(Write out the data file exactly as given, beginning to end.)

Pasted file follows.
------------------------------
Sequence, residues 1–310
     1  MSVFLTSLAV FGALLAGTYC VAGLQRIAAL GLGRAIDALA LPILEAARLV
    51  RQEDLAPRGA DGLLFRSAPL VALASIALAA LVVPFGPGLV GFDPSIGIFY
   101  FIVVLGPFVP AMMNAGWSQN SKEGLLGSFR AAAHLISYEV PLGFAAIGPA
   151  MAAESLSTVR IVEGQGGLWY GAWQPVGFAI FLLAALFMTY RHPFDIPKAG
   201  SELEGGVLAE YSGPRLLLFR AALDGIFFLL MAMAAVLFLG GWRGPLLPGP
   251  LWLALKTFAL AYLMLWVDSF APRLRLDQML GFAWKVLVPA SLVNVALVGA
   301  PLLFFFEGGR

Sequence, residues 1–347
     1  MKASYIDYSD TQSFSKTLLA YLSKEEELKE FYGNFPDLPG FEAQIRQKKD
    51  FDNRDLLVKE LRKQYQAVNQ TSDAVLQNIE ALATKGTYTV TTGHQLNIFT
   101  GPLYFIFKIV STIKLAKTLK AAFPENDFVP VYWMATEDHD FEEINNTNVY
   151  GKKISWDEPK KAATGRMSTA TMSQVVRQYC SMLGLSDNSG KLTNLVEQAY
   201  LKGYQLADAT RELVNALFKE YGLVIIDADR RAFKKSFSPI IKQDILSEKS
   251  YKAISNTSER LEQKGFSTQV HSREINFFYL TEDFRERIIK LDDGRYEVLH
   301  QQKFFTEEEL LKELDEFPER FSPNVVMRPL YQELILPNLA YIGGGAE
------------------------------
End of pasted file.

Sequence, residues 1–310
     1  MSVFLTSLAV FGALLAGTYC VAGLQRIAAL GLGRAIDALA LPILEAARLV
    51  RQEDLAPRGA DGLLFRSAPL VALASIALAA LVVPFGPGLV GFDPSIGIFY
   101  FIVVLGPFVP AMMNAGWSQN SKEGLLGSFR AAAHLISYEV PLGFAAIGPA
   151  MAAESLSTVR IVEGQGGLWY GAWQPVGFAI FLLAALFMTY RHPFDIPKAG
   201  SELEGGVLAE YSGPRLLLFR AALDGIFFLL MAMAAVLFLG GWRGPLLPGP
   251  LWLALKTFAL AYLMLWVDSF APRLRLDQML GFAWKVLVPA SLVNVALVGA
   301  PLLFFFEGGR

Sequence, residues 1–347
     1  MKASYIDYSD TQSFSKTLLA YLSKEEELKE FYGNFPDLPG FEAQIRQKKD
    51  FDNRDLLVKE LRKQYQAVNQ TSDAVLQNIE ALATKGTYTV TTGHQLNIFT
   101  GPLYFIFKIV STIKLAKTLK AAFPENDFVP VYWMATEDHD FEEINNTNVY
   151  GKKISWDEPK KAATGRMSTA TMSQVVRQYC SMLGLSDNSG KLTNLVEQAY
   201  LKGYQLADAT RELVNALFKE YGLVIIDADR RAFKKSFSPI IKQDILSEKS
   251  YKAISNTSER LEQKGFSTQV HSREINFFYL TEDFRERIIK LDDGRYEVLH
   301  QQKFFTEEEL LKELDEFPER FSPNVVMRPL YQELILPNLA YIGGGAE